I recently went on a trip to the United States. The main reason for my travel from Shree Peetha Nilaya was to do health checkups with my doctors there (I have type 1 diabetes). However, I was also able to see some of my family and old friends.
My family is not particularly on a spiritual path. Perhaps they keep it to themselves, but outwardly, they are not “religious” or open with their beliefs. Some of my family is more forthright and ask me questions about the ins and outs, the details of my beliefs and practices, and others just keep distance from the subject.
Regardless of their perspective and distance to that aspect of life, it comes up because it is such an integral part of my life. The “outside” world, the world that doesn’t really practice religion or spirituality actively day to day, is focused so much upon immediate pleasures. Our minds quickly align towards desires and sense gratification when it is not rooted in a practice which aligns us our spirit, our divine nature, and our infinite capacity to love. Usually I am in such close proximity to others on a spiritual path. When I am not though, it can be quite a shock to move away and to become surrounded by people with a life focus far different than myself.
I tend to quickly get drawn into the dramas and games of the outside world. Typically, I just laugh when I see such unnecessary stress, concern, and silly temptations of a life based on sense gratification. I try to keep a stance of love and let that emanate from myself. However, I really need to shield my mind from associating and getting drawn into that lifestyle.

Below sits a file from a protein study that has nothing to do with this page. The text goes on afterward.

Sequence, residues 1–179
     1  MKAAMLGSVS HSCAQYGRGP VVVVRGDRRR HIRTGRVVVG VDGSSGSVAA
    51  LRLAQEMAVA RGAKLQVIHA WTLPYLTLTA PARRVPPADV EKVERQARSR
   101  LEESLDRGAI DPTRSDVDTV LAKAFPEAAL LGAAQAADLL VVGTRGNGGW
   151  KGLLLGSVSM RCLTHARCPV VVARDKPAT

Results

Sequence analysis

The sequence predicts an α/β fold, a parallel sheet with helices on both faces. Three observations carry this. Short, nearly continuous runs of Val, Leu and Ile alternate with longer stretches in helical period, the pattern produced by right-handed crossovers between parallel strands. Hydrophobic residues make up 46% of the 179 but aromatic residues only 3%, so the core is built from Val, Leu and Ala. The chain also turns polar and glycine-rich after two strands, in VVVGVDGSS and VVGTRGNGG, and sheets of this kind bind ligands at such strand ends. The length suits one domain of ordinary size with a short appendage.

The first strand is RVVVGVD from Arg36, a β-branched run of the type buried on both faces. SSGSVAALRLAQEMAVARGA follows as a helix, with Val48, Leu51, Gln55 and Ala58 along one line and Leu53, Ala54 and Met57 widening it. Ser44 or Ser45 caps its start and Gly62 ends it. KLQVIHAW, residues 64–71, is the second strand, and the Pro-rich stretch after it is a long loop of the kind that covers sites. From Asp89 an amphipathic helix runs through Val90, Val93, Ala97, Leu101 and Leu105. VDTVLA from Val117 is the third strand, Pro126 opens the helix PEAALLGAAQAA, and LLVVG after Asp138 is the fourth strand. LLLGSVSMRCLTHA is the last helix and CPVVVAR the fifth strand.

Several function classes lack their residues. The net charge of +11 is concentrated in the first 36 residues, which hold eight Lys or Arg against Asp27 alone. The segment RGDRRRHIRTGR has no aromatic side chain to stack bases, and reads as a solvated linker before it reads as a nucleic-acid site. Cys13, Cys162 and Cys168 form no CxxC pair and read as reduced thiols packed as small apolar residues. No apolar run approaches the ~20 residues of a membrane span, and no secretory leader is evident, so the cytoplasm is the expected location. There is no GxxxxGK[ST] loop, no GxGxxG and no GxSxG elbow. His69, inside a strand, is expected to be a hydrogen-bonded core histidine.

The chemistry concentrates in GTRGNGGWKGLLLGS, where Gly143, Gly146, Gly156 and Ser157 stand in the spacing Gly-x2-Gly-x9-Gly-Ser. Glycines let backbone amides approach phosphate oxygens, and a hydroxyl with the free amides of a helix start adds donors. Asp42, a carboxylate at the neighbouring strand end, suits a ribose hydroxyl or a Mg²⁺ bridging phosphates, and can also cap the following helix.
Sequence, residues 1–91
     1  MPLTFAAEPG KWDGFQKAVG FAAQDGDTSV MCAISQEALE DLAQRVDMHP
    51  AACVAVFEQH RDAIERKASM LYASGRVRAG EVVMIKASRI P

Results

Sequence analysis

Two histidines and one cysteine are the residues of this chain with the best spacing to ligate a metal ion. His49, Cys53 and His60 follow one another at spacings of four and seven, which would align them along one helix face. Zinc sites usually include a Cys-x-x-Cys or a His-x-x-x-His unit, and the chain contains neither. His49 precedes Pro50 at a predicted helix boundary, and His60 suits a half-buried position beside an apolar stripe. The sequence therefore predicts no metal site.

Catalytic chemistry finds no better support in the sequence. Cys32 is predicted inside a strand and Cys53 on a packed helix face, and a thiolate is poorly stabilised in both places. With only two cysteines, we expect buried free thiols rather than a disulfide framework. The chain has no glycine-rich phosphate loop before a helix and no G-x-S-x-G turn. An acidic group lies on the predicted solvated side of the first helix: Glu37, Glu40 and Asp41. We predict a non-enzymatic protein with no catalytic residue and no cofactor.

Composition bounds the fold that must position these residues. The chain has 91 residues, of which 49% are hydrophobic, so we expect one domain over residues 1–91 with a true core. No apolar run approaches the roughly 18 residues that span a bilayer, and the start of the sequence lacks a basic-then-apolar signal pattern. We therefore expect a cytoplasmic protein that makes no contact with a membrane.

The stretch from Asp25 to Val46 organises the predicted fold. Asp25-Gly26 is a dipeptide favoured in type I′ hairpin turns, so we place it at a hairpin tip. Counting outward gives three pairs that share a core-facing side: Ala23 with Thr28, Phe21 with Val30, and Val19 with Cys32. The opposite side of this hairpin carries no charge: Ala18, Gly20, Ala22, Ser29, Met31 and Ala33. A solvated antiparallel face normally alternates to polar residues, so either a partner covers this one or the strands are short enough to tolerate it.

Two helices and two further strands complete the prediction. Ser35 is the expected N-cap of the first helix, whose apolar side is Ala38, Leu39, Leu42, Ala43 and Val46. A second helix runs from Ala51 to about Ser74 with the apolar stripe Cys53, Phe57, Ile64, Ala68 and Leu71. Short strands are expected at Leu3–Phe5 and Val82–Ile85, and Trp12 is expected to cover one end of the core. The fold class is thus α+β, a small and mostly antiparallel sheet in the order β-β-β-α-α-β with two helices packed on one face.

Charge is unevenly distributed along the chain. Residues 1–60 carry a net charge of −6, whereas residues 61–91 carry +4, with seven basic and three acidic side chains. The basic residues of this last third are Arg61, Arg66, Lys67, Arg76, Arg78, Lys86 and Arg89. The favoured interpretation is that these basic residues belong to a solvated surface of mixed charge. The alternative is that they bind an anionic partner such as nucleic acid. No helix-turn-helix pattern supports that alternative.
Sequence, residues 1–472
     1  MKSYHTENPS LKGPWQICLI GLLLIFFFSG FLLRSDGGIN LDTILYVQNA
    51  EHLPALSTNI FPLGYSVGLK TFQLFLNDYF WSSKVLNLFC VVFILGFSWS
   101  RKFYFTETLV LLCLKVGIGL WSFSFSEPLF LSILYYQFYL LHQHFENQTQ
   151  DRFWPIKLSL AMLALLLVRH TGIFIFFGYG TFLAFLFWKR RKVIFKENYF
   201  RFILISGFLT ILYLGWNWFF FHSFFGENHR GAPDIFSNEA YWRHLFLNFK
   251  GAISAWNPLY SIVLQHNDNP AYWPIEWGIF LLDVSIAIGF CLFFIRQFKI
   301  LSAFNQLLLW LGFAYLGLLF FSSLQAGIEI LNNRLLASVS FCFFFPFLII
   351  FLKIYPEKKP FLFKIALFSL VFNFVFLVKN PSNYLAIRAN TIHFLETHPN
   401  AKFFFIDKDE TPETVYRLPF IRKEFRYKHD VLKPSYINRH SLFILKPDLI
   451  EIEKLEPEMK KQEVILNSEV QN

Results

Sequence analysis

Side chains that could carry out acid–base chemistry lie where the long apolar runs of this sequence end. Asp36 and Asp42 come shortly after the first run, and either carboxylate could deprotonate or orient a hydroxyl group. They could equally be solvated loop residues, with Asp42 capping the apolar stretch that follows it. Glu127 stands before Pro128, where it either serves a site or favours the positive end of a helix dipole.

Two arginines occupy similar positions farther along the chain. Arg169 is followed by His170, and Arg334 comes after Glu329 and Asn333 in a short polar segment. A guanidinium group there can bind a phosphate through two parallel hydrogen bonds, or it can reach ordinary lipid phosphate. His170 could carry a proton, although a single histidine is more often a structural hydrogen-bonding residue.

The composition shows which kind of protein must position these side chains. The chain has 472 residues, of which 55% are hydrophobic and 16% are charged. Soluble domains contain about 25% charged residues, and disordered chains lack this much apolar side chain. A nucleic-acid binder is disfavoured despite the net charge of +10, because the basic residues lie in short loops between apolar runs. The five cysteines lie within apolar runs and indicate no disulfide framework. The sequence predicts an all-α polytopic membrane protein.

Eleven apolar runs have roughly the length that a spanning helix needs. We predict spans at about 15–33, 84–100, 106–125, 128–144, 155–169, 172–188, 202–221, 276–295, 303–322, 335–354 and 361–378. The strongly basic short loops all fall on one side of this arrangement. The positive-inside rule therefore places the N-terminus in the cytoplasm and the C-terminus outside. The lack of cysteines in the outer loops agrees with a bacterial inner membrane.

This time I spent in the USA, however, I noticed greater weakness in shielding myself than I normally observe of myself when I move into such environments. Some good habits I have started to fall away. I also started to get moved left and right, my mind dancing with the tune and dramas around me. Yet the one thing that kept me in check is my sadhana. My Atma Kriya practice is a refuge for me. It is my anchor on the spiritual path, and the spiritual mindset--to remember that I am divine love. So despite my mind tending to jump around and lose focus, my sadhana was what brought me back into my preferred direction.
The words of Paramahamsa Vishwananda often echo in my ears. After I had my first interview with Him, He told me to make sure to practice my kriya. I took those words to heart ever since I heard them. I realized after having experienced times as I had in the USA recently, that sadhana is my foundation. I always come back--at the very least-- to my personal time in practice. In my past year, as I mentioned in my last blog post has seen growth, in that I don’t see kriya “at the very least” anymore. On the contrary, I see it as an incredible tool, the groundwork, the pillars and foundation which my spiritual life can be built upon. When practiced with an intention of love and an eye set upon the divine, rather than mechanically practiced, Atma Kriya Yoga becomes particularly potent, uplifting, and shielding. The practice is designed for our mind to become woven with our spiritual nature. Our identification as spiritual beings strengthens, while the weaknesses of material identification fall away. This is the grace of Atma Kriya Yoga and sadhana as a whole.
I am so thankful Atma Kriya Yoga is available to us! Its power is vital to my happiness, my inner fulfillment, and my path. Sadhana is an unbelievable gift for spiritual seekers. It is the very foundation of spiritual growth. The discipline and groundedness it fosters are so sturdy. Sadhana is so, so significant for me--for anyone really. I try to emphasize its crucial role for all who may read this post, that you all reassess your relationship with sadhana. It can help to define ourselves, to identify more with our true nature as loving entities. It is such a gift, such a tool.